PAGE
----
Last night, I was sitting in an Uber with two friends of mine on our way to a concert. We were talking about unimportant things, but we were laughing so hard that it actually hurt and I think the Uber driver got a little nervous. It made me think–these were the first post-college friends I had been able to do that with. Maybe they were just my first post-college friends, period. Full stop.
It is so sad that right at the moment we need friends most (read: right at the moment we’re cast out into the cold and lonely world), our friend-making opportunities simply dry up. What happens instead? Happy hours, work bake sales, and (in grad school at least), lots of talks with free luncheons. I don’t know when the bait-and-switch happens, but we suddenly all become people who ask things like, “What do you do?” and “What are you working on?” and “How’s ‘x’ project going?”
No one cares about what you do or what you’re working on or how ‘x’ project is going, and usually, they’re really bad at pretending they do. I mean, it’s hard for me to value someone’s work before I get to know them as people first. Not that your marketing campaign or dissertation or whatever isn’t cool, but like, I could just read your CV. Thanks.
Maybe it’s because we all become insecure? I get this odd feeling that everyone is playing a game and we all abide by these arcane rules that make literally no sense, but everyone is afraid of being the one to puncture the bubble.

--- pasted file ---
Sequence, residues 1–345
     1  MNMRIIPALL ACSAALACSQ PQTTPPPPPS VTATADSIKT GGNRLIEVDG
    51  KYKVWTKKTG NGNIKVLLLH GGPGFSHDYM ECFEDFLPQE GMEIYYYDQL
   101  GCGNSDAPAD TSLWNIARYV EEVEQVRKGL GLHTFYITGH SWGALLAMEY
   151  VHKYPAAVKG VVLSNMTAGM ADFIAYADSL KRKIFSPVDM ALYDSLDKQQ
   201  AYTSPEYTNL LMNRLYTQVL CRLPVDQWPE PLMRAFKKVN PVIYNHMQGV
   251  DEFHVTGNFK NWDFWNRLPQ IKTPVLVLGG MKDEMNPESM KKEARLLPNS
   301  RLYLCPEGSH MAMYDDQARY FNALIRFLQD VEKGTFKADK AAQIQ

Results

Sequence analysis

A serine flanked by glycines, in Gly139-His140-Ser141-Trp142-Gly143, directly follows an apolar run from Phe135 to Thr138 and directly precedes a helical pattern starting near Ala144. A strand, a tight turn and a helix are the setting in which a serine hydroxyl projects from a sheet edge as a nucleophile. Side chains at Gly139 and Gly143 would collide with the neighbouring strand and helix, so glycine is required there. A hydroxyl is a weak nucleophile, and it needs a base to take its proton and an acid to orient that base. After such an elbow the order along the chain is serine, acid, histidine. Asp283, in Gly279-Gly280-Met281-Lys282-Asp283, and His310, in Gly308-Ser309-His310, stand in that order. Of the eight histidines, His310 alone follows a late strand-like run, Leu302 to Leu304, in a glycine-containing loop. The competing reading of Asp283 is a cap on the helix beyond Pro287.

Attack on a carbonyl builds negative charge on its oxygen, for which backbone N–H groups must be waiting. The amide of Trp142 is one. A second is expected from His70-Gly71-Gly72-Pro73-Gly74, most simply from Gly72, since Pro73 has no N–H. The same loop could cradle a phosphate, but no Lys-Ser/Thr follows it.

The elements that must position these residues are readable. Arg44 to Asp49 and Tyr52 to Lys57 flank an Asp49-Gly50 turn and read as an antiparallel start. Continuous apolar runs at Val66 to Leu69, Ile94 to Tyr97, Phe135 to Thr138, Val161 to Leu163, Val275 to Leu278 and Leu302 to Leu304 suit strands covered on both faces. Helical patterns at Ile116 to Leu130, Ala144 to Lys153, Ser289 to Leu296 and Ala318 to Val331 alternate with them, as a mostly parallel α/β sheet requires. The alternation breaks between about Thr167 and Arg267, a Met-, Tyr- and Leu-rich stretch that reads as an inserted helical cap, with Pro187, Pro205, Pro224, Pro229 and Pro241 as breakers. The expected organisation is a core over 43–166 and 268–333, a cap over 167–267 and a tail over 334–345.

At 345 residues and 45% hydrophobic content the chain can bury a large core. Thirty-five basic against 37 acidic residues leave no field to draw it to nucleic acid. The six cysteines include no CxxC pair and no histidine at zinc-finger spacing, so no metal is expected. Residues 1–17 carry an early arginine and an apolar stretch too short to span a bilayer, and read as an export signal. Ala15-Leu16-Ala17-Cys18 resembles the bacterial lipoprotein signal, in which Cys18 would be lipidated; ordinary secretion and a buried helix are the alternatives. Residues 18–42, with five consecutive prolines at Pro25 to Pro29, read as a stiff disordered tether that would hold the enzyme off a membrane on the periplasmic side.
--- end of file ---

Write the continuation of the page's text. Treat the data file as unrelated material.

I’m all for puncturing bubbles, which is exactly why I’m gifting you–for free!–with my top five rules for making friends after college. I feel pretty well-qualified to hand them out, since I have (as previously noted) made two whole post-college friends.
- Join some kind of club. It can be literally anything. A book club, pickup soccer, one of those weird geocaching groups that I still don’t understand what they do (look under rocks for stuff?). It doesn’t matter. Some kind of structured environment outside of work automatically begets conversations beyond work, which is a good thing.
- Do not start any conversation with “So, what do you do?” Just no. Lots of people work, and you don’t get a cookie for also working.
- Remember people’s names (Yeah, I know, but it’s important).
- Listen to good music. “Good” here just means music that you’re passionate about–I’m not trying to be hipster-elite or whatever. Almost everyone likes music of some sort, and connecting over music (or just your love of it), can spark bridges.
- Stay connected to yourself. This sounds super vague, but it isn’t. Like crime novels? Don’t stop reading them. Are you into new languages? Keep plowing through levels on Duolingo. As long as you don’t forget your best qualities, it makes it easier to detect other people with qualities that are complementary to yours–or for those people to find you.
Any other ideas? Is making friends after college impossible, or is that just me? Probs just me, I know.